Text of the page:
If teaching kids is what you plan to do, I'd take the novel down right away and change your author name elsewhere as well. Careful also with identifying photos. When applying for jobs, I would not mention it because of the above.

Re-publish the book in a pen name and with a different cover. If any reader notices and complains to you, just refund their money. I think that's the best you can do at this point. Also, if you only have one novel published so far, I don't think that's mid-career. While this would no doubt be a big hassle and involve some loss for you, it's only one book. If you stick with it, chances are you'll have many, many more. Or, stick with teaching college. Good luck.

Cyia
03-06-2016, 11:18 PM
There's enough friction in the "danger" of teachers writing hard core fiction that it made for a good Stephen King novel and a decent Stephen King movie. So there's that to consider. :greenie

You're welcome.

Jamesaritchie
03-07-2016, 02:06 AM
I love pen names, and use several. I hated getting attention when I wrote under my real name. To me, fiction is about the book, but we too often make it about the writer.

But it's not as easy as simply using a pseudonym. If your books are registered with the copyright office under your real name, or if everyone out there in the business, editors, book distributors, etc., anyone interested in the books will find your real name, and you'll receive just as much attention, positive and negative, as you would if your real name were on the cover.

To have maximum protection, you will need ether a DBA, a professional alias, or both. These things are legal pretty much everywhere in the US, but each state has its own procedures and requirements for getting and using them. Check your own state requirements.

It wasn't any trouble at all for me to arrange this, but it's tougher in some states than in others. For me, it was definitely work it because I hate being recognized, and I hate receiving attention. It's intrusive, it means I can't live unnoticed, and can't do anything without attracting criticism. I like being left alone.

The first book was all about what I did. I sold a book, I was proud on my accomplishment, and wanted people to know what I, I, I did. This faded remarkably fast. I had to sell five novels under my own name. Then my contract expired. I'm not sure I've sold as much as a short story under my real name since.

This doesn't mean I never will. I was going to retire this year, but two heart attacks combined with a large investment going wrong have almost made me a starving writer again, and I've been offered the chance to write some things that would have to be under my own name because they tie in with my earlier books.

Anyone, working under true pseudonyms have been great for me, but it does take a lot of effort, and there are downsides to everything. It's your life, your books, your teaching profession, and whether you want to go this way or that is solely up to you.

You know yourself better than any of us know you, so make the decision base don your life, your personality, and your needs ad wants, not on what any of us say.

Fruitbat
03-07-2016, 08:22 AM
Sorry to hear about your recent health and financial downturns, JAR. That's rough. :(

andiwrite
03-07-2016, 11:06 AM
If teaching kids is what you plan to do, I'd take the novel down right away and change your author name elsewhere as well. Careful also with identifying photos. When applying for jobs, I would not mention it because of the above.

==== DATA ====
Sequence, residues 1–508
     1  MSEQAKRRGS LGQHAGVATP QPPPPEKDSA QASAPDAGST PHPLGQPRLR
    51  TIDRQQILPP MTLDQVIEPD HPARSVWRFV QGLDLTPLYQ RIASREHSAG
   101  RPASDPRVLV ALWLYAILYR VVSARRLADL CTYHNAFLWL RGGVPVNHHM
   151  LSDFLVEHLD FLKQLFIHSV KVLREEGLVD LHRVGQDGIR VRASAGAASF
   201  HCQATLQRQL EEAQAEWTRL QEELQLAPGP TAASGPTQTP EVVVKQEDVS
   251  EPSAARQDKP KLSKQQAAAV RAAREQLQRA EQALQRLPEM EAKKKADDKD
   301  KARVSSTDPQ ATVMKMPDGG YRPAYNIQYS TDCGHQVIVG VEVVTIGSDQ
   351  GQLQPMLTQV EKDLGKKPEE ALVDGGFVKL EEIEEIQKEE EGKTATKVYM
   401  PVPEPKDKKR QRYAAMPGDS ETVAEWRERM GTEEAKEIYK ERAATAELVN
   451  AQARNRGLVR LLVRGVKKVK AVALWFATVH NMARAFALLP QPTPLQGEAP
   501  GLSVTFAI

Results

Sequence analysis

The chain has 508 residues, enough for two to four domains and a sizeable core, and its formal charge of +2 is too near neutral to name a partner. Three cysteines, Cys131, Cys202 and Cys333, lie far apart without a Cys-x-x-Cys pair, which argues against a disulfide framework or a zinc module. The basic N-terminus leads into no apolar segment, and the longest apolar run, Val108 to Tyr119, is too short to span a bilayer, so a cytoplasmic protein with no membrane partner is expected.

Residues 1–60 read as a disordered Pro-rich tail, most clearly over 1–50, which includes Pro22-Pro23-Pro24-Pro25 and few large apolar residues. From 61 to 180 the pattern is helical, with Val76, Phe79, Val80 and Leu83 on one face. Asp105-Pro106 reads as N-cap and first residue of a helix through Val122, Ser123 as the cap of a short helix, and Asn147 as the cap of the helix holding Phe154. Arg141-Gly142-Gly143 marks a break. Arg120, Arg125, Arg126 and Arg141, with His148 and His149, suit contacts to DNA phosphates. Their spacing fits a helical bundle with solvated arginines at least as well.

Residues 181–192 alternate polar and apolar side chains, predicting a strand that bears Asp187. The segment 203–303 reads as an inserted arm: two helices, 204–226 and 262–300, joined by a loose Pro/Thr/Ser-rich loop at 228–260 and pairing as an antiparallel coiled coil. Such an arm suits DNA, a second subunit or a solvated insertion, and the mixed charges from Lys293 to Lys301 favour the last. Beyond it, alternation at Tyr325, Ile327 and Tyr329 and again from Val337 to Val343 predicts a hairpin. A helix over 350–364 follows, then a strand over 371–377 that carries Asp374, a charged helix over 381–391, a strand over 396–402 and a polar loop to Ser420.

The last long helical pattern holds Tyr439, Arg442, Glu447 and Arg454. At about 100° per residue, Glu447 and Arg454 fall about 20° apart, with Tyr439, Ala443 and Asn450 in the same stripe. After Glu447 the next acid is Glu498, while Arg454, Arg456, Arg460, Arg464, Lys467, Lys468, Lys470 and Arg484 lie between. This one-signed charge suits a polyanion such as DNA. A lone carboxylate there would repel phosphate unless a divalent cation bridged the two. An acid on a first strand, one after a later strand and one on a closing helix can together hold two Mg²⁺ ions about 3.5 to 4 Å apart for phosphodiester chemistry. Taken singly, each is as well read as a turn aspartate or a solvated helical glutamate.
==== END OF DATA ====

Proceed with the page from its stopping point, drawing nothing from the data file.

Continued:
Writing a book is not a crime.

Fruitbat
03-07-2016, 03:39 PM
Writing a book is not a crime.

I didn't say it was. Are you familiar with teaching contracts, and the "moral turpitude" kind of things teachers are let go for? He's asking what the realities of getting and keeping that particular job actually are, not our personal opinions of what we think they should be.

Jamesaritchie
03-07-2016, 11:08 PM
Sorry to hear about your recent health and financial downturns, JAR. That's rough. :(

Thanks. I try to look at the bright side. My wife says this was God's way of telling me not to retire. Could be, but just a voice booming out of the sky would have achieved the same results. "You. Yeah, you. Though shalt not retire. Not get back to work."

brainstorm77
03-08-2016, 08:57 PM
http://absolutewrite.com/forums/images/misc/quote_icon.png Originally Posted by andiwrite http://absolutewrite.com/forums/images/buttons/viewpost-right.png (http://absolutewrite.com/forums/showthread.php?p=9761964#post9761964) Writing a book is not a crime.


Depending on what you write it can be held against you by your employer. I write romance and erotic romance. I know my employer would not look fondly on that. So yes for some like me a pen name is a necessity unfortunately.

Myrealana
03-08-2016, 09:24 PM
Several years ago, I attended a workshop by Rick Riorden. Prior to writing the Percy Jackson books, he wrote adult mystery/crime novels and taught high school.

He mentioned that sometimes students would bring up his Tres Navarre books. He never hid his writing. He would just say he didn't think his books were appropriate for their age group and move on.

Now of course, that was a different time, "Big Red Tequila" was published almost 20 years ago, but I think his example has some merit. You've already got some books out there with your name on them. Hiding now doesn't seem like it would help much. By all means, if you start writing erotica or grimdark, you might want to make some effort to separate one persona from another, but you would probably want to do that anyway.

I say keep your name on your work. Tell your principal your books are out there and ask how they want you to handle it in the classroom.